There’s a fast moving freight train called CHANGE on the track. It never stops. You need to decide when you have the guts to jump on and when you have the guts to jump off.

Storage Protocol Differences and FCoE Diagrams

Just thought I would share these diagrams that I used in a recent training session. I used them to explain the differences in the storage protocols that may be used for a vStorage Cloud and how FCoE works. Click on the images for a larger view.

Storage Protocol Differences

The first image shows the differences between the common storage protocols and what it takes for the data to get from point A to point B.

FCoE Packet

This diagram demonstrates the FCoE packet. The top block is an Ethernet Packet and the bottom block is the FCoE data.

Converged Network Adapter

This diagram shows the data flow within a Converged Network Adapter (CNA).

Converged Enhanced Ethernet Bridge

This diagram is the Converged Enhanced Ethernet Bridge. CEE in one end, FC out the other.

VMTN: I/O Performance in vSphere, Block Sizes and Disk Alignment

Yes folks, it rears its ugly head again…Disk Alignment… If you have not read it yet, check out the whitepaper on disk alignment from VMware.

First, chethan from VMware posted a great thread on VMTN about I/O performance in vSphere. The start of the thread talks about I/O, then leads into anice discussion about block size. A couple of weeks ago, Duncan Epping posted a very informative article about block sizes. It convinced me to use 8MB blocks in VMFS designs.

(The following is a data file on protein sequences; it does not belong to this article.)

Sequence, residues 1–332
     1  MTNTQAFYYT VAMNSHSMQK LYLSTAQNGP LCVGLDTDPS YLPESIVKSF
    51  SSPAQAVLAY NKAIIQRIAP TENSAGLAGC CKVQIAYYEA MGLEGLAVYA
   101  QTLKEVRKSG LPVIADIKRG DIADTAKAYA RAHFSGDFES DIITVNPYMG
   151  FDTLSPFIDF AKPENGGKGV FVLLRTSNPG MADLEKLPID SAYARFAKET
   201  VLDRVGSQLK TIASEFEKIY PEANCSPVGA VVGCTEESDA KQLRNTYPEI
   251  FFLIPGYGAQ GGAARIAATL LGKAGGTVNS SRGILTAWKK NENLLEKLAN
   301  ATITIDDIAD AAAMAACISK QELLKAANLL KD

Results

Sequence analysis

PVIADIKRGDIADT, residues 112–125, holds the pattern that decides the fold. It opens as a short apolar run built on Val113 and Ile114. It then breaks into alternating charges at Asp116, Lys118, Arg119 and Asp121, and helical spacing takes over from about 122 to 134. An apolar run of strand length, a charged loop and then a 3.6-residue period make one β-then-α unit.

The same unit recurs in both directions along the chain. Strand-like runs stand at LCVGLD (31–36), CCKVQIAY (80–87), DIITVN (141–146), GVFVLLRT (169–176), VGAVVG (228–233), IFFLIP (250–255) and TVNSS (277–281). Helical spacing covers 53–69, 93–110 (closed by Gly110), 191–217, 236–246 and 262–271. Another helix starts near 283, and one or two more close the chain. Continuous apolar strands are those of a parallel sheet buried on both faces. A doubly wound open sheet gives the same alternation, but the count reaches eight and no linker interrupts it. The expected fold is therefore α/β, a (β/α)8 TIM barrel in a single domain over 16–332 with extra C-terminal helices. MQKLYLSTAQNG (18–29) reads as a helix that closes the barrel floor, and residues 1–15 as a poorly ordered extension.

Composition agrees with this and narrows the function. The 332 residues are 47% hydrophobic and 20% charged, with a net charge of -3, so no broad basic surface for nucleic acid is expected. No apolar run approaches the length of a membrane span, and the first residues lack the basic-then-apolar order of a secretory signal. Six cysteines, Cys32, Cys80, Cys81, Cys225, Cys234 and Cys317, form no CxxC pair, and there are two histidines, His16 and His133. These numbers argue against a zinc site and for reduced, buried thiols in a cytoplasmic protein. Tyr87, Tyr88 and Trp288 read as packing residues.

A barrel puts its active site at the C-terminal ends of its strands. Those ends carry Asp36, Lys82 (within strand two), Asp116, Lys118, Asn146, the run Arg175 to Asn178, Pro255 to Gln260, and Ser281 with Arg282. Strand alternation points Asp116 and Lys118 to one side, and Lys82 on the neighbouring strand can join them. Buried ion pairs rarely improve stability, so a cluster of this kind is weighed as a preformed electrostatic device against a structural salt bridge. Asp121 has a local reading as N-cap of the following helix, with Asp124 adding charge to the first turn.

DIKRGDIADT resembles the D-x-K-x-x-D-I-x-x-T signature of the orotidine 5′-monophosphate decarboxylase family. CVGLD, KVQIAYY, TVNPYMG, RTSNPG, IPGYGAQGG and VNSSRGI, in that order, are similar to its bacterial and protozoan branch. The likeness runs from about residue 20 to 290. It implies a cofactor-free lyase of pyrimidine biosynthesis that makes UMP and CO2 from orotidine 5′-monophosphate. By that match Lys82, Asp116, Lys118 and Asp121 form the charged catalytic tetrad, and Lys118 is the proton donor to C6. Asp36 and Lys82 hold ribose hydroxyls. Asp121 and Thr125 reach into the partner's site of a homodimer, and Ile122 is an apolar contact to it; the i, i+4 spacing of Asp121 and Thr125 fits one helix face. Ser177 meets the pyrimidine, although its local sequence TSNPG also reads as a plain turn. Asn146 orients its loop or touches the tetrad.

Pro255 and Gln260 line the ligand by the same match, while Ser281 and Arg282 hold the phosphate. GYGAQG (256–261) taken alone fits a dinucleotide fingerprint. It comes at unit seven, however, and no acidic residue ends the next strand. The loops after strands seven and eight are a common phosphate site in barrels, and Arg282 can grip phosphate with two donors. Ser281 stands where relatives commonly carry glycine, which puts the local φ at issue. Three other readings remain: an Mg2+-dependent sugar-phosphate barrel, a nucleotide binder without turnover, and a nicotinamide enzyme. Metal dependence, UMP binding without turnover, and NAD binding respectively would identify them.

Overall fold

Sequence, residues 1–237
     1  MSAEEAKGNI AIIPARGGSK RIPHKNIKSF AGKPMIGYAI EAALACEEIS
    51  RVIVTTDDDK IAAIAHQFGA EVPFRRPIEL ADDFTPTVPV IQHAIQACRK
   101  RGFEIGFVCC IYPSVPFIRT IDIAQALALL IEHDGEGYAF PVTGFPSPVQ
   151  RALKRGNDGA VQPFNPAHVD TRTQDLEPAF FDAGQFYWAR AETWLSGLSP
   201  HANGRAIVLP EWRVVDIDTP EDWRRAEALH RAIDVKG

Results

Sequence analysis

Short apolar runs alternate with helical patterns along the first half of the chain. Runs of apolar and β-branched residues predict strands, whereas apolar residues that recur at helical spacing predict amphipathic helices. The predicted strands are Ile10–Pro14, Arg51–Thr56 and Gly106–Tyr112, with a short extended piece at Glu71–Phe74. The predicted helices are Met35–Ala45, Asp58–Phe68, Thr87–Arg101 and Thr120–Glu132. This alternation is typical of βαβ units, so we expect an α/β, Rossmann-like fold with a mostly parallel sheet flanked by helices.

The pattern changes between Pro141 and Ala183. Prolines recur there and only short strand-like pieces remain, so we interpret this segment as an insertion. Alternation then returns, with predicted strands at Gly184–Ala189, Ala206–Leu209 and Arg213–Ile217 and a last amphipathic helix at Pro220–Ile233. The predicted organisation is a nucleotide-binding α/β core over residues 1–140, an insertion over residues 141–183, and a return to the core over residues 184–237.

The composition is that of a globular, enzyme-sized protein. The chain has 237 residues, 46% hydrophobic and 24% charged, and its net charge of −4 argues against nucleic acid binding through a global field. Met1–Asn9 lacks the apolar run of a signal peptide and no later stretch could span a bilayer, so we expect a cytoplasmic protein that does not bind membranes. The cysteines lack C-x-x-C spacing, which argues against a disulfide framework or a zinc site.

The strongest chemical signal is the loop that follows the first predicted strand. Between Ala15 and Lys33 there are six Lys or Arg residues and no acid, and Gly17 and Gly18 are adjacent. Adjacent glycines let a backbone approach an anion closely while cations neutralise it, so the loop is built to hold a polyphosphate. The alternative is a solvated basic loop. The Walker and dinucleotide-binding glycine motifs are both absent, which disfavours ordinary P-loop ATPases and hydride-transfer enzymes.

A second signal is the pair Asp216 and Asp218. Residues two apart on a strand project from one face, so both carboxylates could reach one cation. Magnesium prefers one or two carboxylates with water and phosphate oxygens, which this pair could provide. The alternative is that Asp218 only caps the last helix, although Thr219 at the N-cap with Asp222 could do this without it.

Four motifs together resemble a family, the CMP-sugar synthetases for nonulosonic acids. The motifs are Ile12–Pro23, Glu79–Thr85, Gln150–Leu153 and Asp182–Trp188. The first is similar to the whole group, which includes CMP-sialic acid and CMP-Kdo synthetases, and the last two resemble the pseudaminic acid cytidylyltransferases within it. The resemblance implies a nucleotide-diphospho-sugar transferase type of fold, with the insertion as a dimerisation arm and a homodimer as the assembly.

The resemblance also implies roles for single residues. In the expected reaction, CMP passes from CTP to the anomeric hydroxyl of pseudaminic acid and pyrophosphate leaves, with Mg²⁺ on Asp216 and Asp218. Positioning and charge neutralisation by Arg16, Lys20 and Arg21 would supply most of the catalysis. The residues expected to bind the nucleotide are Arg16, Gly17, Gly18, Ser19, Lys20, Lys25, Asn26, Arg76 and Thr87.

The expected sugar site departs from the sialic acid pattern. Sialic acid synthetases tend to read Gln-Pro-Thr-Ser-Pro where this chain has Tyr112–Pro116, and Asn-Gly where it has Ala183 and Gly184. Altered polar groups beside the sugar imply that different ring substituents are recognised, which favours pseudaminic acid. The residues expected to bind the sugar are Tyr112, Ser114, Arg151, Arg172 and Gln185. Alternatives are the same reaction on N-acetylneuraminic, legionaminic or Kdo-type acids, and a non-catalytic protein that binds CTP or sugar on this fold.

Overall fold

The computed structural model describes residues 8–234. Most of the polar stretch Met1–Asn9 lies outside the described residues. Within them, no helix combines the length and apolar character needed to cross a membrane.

Finally, the thread kicked into a discussion about disk alignment. As you know, the VMFS partitions created using the VI Client will aoutmatically be aligned. This is why I advocate NOT putting VMFS partitioning into a kcikstart script. The whitepaper demonstrates how to create aligned patrtitions on winders and Linux guests as well. The process is highly recommended for any intensive app. But I have always questioned the need to do this for system drives (C:) on guests. To do it requires a multi step process or the use of a tool, like mbrscan and mbralign, And I have wondered if it was worth the effort. Well, Jason Boche gave me a reason why it should be done across the board. And it makes sense: “This is an example of where the value of the savings is greater than the sum of all of its parts.”